Indie Game Intermission: Chalk



The best thing about the indie game community is that developers aren't afraid of trying something new.  Chalk, an atypical shoot-em-up by Joakim Sandberg, proves that innovative gameplay doesn't only exist on a Nintendo platform.  It's also an excellent example that state-of-the-art graphics aren't necessary for a game to be fun and addictive.  Chalk doesn't have a thought provoking plot or character development but what it does have is fun and frustrating gameplay.


The game takes place all on a chalkboard. Your character, enemies, obstacles, and other items in the game all look like they've been drawn with different colored pieces of chalk.  Movement can be controlled with the mouse and the right click button, or more easily, the WSAD keys.  Unlike typical shoot-em-ups, your character can't shoot anything.  Instead, you have to rely on enemies shooting a bullet at you, and your expertise at the mouse to draw a line from the bullet to the enemy or enemies on screen.  Think of it as a Gradius meets connect the dots.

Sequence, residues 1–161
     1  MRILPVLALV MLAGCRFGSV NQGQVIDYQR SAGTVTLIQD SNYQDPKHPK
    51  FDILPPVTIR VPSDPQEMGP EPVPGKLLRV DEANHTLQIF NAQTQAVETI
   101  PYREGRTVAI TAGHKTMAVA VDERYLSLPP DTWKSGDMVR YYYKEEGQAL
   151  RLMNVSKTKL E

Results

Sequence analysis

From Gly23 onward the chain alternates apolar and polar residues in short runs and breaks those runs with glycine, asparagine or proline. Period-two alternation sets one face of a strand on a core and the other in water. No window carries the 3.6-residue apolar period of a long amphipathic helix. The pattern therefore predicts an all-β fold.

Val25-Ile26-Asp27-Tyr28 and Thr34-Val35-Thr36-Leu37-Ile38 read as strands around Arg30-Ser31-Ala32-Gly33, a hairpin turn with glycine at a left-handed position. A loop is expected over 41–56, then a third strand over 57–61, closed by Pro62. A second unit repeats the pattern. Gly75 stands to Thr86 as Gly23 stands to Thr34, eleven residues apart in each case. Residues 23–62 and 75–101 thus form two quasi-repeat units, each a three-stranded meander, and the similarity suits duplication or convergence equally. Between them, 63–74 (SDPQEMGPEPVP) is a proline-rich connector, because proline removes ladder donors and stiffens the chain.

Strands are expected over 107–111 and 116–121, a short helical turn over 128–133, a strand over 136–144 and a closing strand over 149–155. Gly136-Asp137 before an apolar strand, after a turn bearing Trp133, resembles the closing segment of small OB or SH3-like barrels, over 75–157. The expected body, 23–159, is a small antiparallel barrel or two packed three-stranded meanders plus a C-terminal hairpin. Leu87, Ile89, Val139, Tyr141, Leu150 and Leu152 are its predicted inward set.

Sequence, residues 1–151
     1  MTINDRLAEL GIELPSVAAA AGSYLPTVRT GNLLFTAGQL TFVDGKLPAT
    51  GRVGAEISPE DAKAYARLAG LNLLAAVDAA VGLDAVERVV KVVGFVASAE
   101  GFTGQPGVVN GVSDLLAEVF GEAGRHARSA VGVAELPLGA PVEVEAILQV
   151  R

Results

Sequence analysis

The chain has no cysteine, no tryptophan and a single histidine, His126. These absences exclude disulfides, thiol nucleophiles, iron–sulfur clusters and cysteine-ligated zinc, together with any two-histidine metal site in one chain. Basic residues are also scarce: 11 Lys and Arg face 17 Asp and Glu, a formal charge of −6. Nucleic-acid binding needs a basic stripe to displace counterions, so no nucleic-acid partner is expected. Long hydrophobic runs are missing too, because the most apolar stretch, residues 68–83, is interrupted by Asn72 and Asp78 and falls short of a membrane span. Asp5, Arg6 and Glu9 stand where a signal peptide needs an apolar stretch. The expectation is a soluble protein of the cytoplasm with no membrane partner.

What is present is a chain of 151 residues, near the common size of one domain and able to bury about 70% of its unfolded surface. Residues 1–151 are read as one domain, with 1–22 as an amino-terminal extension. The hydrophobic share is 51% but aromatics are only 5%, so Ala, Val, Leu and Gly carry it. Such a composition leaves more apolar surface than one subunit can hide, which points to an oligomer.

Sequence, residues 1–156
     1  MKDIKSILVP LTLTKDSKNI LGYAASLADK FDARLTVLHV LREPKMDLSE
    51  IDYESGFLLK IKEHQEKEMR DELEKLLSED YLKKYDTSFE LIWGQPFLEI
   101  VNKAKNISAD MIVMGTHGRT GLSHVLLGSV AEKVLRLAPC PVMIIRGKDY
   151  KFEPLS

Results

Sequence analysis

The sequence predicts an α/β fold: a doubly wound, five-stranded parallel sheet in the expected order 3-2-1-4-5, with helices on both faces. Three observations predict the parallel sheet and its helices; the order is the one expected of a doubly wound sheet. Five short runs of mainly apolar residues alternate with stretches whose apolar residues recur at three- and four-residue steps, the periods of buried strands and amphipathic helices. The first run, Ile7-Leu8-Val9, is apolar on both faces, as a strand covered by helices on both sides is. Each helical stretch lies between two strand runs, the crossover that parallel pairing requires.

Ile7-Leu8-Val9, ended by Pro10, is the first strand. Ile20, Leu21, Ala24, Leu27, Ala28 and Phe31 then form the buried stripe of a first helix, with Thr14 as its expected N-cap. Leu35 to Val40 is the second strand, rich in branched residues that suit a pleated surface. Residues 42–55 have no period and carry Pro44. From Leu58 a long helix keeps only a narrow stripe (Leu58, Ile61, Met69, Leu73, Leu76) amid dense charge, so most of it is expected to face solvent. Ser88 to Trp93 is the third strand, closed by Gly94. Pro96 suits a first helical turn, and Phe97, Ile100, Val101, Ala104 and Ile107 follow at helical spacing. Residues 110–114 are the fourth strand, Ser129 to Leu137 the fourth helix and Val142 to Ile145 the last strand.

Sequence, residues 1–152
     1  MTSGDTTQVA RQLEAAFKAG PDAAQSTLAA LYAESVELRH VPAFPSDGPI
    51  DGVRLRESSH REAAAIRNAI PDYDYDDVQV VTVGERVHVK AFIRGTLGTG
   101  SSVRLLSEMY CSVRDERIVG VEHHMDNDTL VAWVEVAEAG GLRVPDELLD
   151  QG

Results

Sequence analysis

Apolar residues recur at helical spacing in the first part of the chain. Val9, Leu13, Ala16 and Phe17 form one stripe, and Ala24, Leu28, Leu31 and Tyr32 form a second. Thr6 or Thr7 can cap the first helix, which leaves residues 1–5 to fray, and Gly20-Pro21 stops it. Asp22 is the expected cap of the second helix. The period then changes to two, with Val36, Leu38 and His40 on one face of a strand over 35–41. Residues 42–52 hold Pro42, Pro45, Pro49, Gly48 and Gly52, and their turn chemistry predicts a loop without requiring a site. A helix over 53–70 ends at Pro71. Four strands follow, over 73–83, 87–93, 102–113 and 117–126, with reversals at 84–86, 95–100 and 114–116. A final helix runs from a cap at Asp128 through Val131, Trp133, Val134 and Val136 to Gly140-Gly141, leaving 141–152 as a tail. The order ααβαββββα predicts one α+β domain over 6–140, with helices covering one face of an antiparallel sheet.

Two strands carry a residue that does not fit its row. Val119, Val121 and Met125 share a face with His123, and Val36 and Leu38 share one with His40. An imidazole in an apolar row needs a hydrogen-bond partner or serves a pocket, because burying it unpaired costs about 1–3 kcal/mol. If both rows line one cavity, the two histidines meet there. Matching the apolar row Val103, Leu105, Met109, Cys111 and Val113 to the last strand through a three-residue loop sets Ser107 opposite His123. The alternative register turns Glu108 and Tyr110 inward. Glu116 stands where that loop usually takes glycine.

One bullet can be used to hit many enemies, as long as the chalk meter at the upper left of the game has enough chalk in it.  For some reason, the act of connecting enemies with one chalk line reminded me of playing Rez.  I guess it's because they're both shoot-em-ups with a little twist in them.


The experience of playing Chalk was made better by the fact that the in-game music fits perfectly with the game.  Don't expect the music to be something epic; it's just whimsical and catchy, especially in the later levels.  The sound effects aren't too shabby either.


The first level of Chalk was a perfect introduction to the basic mechanics of gameplay.  I was mistakenly under the impression that subsequent levels would be just as easy, but I was brutally wrong.  The second level proceeded to kick my butt and that was before I encountered line-breakers.  Chalk definitely tests your mouse skills.


What I would love to see is for a game publisher to see this game and ask Sandberg to port it to the DS or the Wii with additional levels.  The method of attacking would lend itself perfectly to the stylus or even the wiimote.  The slight twist on the typical shoot-em-up, whimsical (and sometimes hilarious) enemy designs, and catchy music makes this free download a no-brainer for anyone who wants a quick game to play.


Louise Yang